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Summary: 1) Refreshing Joy (Acts 3:20), 2) Restoring Joy (Acts 3:21), 3) Resulting Joy (Acts 3:22-24) , 4) Realized Joy (Acts 3:25–26)

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I'm generally not a fan of commercials, but one that I continue to chuckle at, involves the "back to school theme". Seeing joyous parents singing "it's the most wonderful time, of the year" at the prospect of their kids going back to school, always puts a smile on my face.

Fall tends to be a refreshing time of year for a number of reasons. With Sunday school back on, Parents don't have to worry about kids during the service. With elementary and high school, they don't have do occupy the kids during the summer, and even with the rest of the time: the cooler nights, more rain and resumption of the many fall activities, it's all very refreshing. Yet, it all depends on your attitude. Some look at this as a time of joy at new prospects, but to others it's just back to a fall grind.

The Jews looked forward to the coming of the Messiah as a time of peace and prosperity for the whole earth. In Acts, Peter had to clarify that although the Jewish Messiah had come, the Messianic age in its fullness was still to come when he returns (20). His audience’s participation in these times of refreshing (19) when the time comes for God to restore everything (21) hinged upon their attitude towards Jesus (New Bible commentary: 21st century edition. 1994 (D. A. Carson, R. T. France, J. A. Motyer & G. J. Wenham, Ed.) (4th ed.) (Ac 3:1–4:31). Leicester, England; Downers Grove, IL: Inter-Varsity Press.).

For the events of your life, your expectations will determine your reaction to events. If you are a hopeful person, with purpose and expectation, you will be joyful and that will be infectious. But if you are pessimistic, wandering, and either dread or disregard the future, one in relation to Christ's work now and in the future, then it will only get worse as time goes on.

The message of Acts 3:20-26 calls everyone to consider their relation to Christ and the joy and refreshing that comes through repentance and faith in Him. In this section we see: 1) Refreshing Joy (Acts 3:20), 2) Restoring Joy (Acts 3:21), 3) Resulting Joy (Acts 3:22-24) , 4) Realized Joy (Acts 3:25–26)

1) Refreshing Joy (Acts 3:20),

Acts 3:20 [20]that times of refreshing may come from the presence of the Lord, and that he may send the Christ appointed for you, Jesus, (ESV)

Repentance not only brings the individual blessing of forgiveness of sin, but ultimately collective blessing also. True forgiveness could only have come from their turning to God by accepting his Messiah. Then only would “the times of refreshing” come from the Lord. The word times is in the plural and signifies periodic seasons in which the forgiven and restored believer experiences the refreshing nearness of the Lord (Kistemaker, S. J., & Hendriksen, W. (1953-2001). Vol. 17: Exposition of the Acts of the Apostles. New Testament Commentary (135). Grand Rapids: Baker Book House.).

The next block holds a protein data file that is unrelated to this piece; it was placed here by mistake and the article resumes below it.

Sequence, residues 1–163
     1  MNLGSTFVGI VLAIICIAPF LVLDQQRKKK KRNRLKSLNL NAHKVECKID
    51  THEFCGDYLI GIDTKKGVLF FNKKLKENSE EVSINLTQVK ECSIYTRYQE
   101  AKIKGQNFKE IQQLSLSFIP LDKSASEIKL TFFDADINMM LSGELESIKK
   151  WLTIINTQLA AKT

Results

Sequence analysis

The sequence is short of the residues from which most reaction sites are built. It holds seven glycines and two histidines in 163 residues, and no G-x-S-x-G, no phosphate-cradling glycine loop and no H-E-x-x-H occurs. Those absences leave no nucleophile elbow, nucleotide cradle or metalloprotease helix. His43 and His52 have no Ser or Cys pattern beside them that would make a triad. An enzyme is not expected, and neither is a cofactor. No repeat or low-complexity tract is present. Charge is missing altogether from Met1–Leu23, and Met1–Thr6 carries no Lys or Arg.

• One of the basic realizations this morning is that we come corporately to the presence of the Lord: we come with our questions, burdens, and concerns. We marvel at His greatness, we acknowledge our failures, we thank Him for his forgiveness, and we plead for His guidance and intercession. This is meant to be refreshing.

Although Kairos (times) points to a fixed, set, or predetermined time. It is expressed that it may come, which is an AORIST ACTIVE SUBJUNCTIVE, denoting an element of contingency. The actions of Peter’s hearers, in some sense, determined the time of spiritual consummation (Utley, R. J. (2003). Vol. Volume 3B: Luke the Historian: The Book of Acts. Study Guide Commentary Series (59). Marshall, TX: Bible Lessons International.)

Jesus used it in Acts 1:7 to answer the disciples’ query about the restoration of the kingdom. He told them, “It is not for you to know times or epochs which the Father has fixed by His own authority.” For generations, Israel had waited anxiously for that kingdom. They longed to see Messiah reign personally on the earth and to have their enemies vanquished. The prophets had spoken of a glorious period of rest for the people who had known little peace over the centuries. Tragically, when the King came to offer that kingdom, they rejected Him. And, as Peter points out, it is impossible to have the kingdom without accepting the King.

• Often feelings like anxiety, emptiness and lack of direction are God implanted realizations of the basic need of Christ. There is a time when it is necessary to confront those who reject Christ with the implications.

Please turn to Isaiah 35

The kingdom will be a time of much needed refreshing for Israel. Ezekiel said it would be a time of “showers of blessing” (34:26). Isaiah saw the kingdom as a time when God “will pour water on him that is thirsty” (44:3 KJV). Joel 2 gives a description of the coming of the kingdom, even referring to it as a time of satisfaction (2:26).

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